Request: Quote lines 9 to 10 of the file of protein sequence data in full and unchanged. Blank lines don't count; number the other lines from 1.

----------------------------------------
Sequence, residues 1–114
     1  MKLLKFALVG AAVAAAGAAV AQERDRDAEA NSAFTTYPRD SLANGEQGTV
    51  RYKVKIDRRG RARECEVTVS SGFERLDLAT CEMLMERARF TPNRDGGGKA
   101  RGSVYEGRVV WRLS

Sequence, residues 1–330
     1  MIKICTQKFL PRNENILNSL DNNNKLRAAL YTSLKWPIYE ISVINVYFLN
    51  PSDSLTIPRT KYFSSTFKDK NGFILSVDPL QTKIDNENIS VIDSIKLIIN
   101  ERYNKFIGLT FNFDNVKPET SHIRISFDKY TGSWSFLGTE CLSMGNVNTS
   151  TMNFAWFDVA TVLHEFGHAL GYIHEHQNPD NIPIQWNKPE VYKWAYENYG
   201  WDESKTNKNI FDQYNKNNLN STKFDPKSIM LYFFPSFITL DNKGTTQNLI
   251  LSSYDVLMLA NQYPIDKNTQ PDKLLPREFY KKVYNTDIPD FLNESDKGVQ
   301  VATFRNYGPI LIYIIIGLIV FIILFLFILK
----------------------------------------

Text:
   151  TMNFAWFDVA TVLHEFGHAL GYIHEHQNPD NIPIQWNKPE VYKWAYENYG
   201  WDESKTNKNI FDQYNKNNLN STKFDPKSIM LYFFPSFITL DNKGTTQNLI